7 Habits That Could Be Causing Your Flu Symptoms to Linger Even Longer
It can feel like you might never recover from a case of the flu. The coughing, sneezing, fever, and body aches can knock you on your butt for days, keeping you from classes and work, and just generally disrupting your life. The flu is a major inconvenience, but it also proves year after year to be a potentially deadly virus. In other words, this isn’t something you want to mess with for very long. POPSUGAR spoke with flu experts to find out exactly how you can get back on your feet – and they agreed that you should start by kicking these seven habits.
Trying to Push Through It
If you want to heal quickly, you have to allow yourself to rest. “Just like weight lifters need a day off to let their muscles recover and grow, your body when it is sick needs time to recover,” Aaron Milstone, MD, associate hospital epidemiologist and professor of pediatrics at the Johns Hopkins University School of Medicine, told POPSUGAR. “It is possible that not giving yourself rest may make it take a little bit longer for you to feel better again.”
Staying home from work or school when you’re sick is also crucial in preventing the spread of the virus, explained Rebecca Greenblatt, PhD, an assistant professor of microbiology and immunology at SUNY Upstate Medical University in Syracuse, NY. “It’s very important to break the chain of infection whenever you have the opportunity.”
Not Getting the Flu Vaccine
While the flu vaccine can be extremely effective at preventing the flu, it can also help minimize the symptoms if you do catch the virus. “There are more and more studies that show that it does lessen the severity of the disease, meaning if you do get flu, you’re likely to get a milder case,” Dr. Milstone said. While you’ll still feel sick, “maybe it won’t last many days or you won’t feel like you can’t get out of bed.”
Going Hard at the Gym
This is one time when it’s not a good idea to hit up a bootcamp class. “When you’re sick, your body needs a significant amount of energy to fight the infection,” Dr. Greenblatt told POPSUGAR. “Running the inflammatory response that you need to fight a major virus infection, like influenza, requires a lot of calories.” She went on to explain that you can still exercise if it helps you feel healthy. “Just take a walk instead of going for a run,” she said. “Don’t make your body fight for those resources it needs to fight the virus.”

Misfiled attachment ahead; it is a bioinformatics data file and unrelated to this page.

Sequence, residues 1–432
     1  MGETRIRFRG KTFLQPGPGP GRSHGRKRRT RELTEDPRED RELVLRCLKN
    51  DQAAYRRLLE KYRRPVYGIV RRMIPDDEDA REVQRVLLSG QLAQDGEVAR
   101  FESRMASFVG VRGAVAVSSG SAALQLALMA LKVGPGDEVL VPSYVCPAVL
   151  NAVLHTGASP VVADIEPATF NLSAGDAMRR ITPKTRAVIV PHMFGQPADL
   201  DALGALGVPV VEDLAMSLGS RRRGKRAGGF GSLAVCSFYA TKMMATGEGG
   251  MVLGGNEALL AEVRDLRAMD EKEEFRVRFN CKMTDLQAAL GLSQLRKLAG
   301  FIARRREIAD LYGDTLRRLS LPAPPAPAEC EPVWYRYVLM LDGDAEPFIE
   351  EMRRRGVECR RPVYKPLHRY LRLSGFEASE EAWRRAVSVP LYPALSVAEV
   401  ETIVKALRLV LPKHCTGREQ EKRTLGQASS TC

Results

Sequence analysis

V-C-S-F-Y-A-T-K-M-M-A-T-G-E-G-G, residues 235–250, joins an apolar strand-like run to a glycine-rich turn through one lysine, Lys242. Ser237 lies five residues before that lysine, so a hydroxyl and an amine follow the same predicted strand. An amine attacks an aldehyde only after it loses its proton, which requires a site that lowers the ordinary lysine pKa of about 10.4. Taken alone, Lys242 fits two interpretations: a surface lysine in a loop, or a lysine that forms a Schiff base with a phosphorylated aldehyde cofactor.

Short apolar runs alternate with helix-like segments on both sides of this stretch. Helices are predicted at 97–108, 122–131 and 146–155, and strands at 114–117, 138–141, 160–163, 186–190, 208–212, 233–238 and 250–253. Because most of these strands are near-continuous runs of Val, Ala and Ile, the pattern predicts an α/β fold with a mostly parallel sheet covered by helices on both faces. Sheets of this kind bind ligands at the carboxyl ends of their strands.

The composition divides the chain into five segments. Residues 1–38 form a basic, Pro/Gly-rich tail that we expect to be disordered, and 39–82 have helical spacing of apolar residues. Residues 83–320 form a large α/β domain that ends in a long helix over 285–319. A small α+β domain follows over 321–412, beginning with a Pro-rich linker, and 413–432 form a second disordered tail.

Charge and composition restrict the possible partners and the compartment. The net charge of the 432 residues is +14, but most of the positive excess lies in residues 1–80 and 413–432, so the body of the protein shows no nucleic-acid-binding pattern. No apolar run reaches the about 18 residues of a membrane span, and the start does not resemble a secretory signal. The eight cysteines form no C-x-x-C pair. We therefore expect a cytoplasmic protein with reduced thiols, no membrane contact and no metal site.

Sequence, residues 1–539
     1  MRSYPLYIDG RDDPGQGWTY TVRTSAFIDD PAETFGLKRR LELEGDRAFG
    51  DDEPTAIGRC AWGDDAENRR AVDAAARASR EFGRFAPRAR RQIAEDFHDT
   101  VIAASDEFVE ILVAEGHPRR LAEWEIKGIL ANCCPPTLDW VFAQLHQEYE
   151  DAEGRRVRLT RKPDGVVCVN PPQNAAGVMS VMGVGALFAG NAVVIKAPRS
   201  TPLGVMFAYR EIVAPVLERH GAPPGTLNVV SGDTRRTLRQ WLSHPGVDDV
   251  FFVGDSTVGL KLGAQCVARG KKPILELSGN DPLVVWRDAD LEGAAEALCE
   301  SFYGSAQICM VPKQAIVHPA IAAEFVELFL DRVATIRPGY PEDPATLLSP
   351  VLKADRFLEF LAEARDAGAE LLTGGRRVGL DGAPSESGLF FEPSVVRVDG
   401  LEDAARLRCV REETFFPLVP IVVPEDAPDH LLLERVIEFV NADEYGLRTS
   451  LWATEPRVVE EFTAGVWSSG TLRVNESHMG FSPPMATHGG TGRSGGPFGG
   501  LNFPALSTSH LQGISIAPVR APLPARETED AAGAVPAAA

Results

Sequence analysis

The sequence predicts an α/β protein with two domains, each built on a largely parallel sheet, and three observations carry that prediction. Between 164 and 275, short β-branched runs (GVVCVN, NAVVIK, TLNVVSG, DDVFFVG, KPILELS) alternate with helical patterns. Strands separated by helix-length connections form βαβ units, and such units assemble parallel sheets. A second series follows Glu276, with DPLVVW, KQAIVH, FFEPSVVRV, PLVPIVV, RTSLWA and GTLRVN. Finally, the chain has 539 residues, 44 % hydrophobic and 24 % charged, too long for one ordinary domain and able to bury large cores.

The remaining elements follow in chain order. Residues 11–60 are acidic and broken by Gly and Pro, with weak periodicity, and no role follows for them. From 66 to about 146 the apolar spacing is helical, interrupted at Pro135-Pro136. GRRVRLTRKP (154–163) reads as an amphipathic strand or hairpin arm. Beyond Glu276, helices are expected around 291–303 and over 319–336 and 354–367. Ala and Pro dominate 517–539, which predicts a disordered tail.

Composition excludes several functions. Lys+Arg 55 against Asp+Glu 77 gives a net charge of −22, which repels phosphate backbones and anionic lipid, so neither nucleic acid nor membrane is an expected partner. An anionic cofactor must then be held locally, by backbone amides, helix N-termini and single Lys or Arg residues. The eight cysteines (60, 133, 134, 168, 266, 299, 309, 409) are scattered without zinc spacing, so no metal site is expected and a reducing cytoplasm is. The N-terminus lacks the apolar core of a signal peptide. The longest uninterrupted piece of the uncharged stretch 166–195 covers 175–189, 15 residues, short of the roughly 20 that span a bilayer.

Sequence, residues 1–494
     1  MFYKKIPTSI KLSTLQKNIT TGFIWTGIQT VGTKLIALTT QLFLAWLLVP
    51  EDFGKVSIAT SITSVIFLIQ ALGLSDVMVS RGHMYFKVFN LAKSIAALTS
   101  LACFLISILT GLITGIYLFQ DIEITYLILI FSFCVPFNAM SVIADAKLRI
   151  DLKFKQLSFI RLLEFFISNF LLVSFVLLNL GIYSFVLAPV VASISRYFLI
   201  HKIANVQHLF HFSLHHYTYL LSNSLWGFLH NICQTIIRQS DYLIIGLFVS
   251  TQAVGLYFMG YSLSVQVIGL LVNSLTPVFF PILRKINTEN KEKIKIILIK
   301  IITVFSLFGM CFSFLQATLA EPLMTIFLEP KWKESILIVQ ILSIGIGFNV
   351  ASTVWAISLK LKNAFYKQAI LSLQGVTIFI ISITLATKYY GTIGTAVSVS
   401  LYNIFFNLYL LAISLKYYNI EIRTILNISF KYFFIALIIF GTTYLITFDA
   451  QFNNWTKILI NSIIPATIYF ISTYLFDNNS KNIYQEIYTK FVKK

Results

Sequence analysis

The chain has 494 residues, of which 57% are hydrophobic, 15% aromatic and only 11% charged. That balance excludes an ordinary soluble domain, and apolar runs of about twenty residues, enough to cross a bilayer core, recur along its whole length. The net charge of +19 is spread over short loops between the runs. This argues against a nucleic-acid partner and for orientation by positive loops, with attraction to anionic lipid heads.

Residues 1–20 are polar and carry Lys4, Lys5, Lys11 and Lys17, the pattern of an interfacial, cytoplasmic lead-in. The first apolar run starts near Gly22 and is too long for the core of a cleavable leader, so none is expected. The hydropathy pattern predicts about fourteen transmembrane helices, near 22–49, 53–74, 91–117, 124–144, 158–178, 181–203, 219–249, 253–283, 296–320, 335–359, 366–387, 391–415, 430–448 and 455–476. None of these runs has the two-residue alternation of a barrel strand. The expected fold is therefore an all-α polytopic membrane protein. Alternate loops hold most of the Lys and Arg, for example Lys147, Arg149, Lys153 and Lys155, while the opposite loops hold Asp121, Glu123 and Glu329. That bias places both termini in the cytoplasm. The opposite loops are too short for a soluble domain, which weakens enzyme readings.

Not Drinking Enough Water
Staying hydrated helps thin mucus and break up congestion, so eventually, that icky stuff can make its way out of your body. “If you have a respiratory infection, like influenza, the goal is to try and get that virus out of you, which your body does by using something called the mucociliary escalator in your throat and your lungs,” Paul A. Offit, MD, director of the Vaccine Education Center at Children’s Hospital of Philadelphia and professor of pediatrics and vaccinology at the Perelman School of Medicine at the University of Pennsylvania, told POPSUGAR. “That works best to get these viruses out of the cells if the fluid is easily moved.”
Dr. Greenblatt further explained that becoming dehydrated can have significant consequences. “Dehydration begins by interfering with the normal flushing action that clears out your ears, nose, and throat,” she said. “Thick dry mucus is more likely to form blockages that predispose you to ear infection, sinus infection, and sore throat. More severe dehydration will prevent you from efficiently clearing out the dead germs and white blood cells that accumulate during an infection, so you will feel more aches and pains and be slower to recover.”
Slacking on Sleep
Sleep deprivation can worsen the flu since it weakens your immune system. In fact, people typically need more sleep to help fight the virus. “Get as much sleep as your body needs,” Dr. Milstone said. Unless you’re super lethargic (which could indicate that the infection is getting worse), “there’s no such thing as too much sleep when you’re sick,” he explained.
Dr. Greenblatt suggests running a humidifier to help keep your airways clear and ease your symptoms. “Most illnesses that produce a lot of coughing can interfere with your sleep,” she said. “To help keep those secretions under control, it really helps to stay hydrated.”
Vaping or Smoking
“Anything that disrupts the ability of the lung to clear itself of particulars or debris, like smoking, makes it difficult to recover from a viral infection,” Dr. Offit told POPSUGAR. Plus, inhaling anything that could further irritate your lungs may make flu symptoms worse. It’s not worth it.
Not Seeing Your Doctor
Although it’s usually not necessary to see a doctor for the flu, it’s extremely beneficial if you do. “If you really don’t feel good and you’re concerned, you should go to your doctor and get checked, because if you have the flu, they can give you a prescription that might make you feel better,” Dr. Milstone said.
Dr. Greenblatt agreed, noting that if you get these antiviral medications in the first 48 hours of illness, they’ll shorten the duration and lessen the symptoms. There’s another benefit, too: if you’re living in close quarters with roommates or family, “these medicines also reduce the replication of the virus, so you’re less likely to spread it,” she explained.
Consider the alternative: self-medicating with over-the-counter fever reducers and cold treatments, which the experts agreed do nothing to help you recover faster. “Acetaminophen and ibuprofen will reduce your fever and make you feel better, but they’re not going to help your body get rid of the virus any faster – and it’s the same with other cough and cold remedies,” Dr. Milstone said. “They might help your symptoms, but they’re not necessarily protecting your body from the virus.”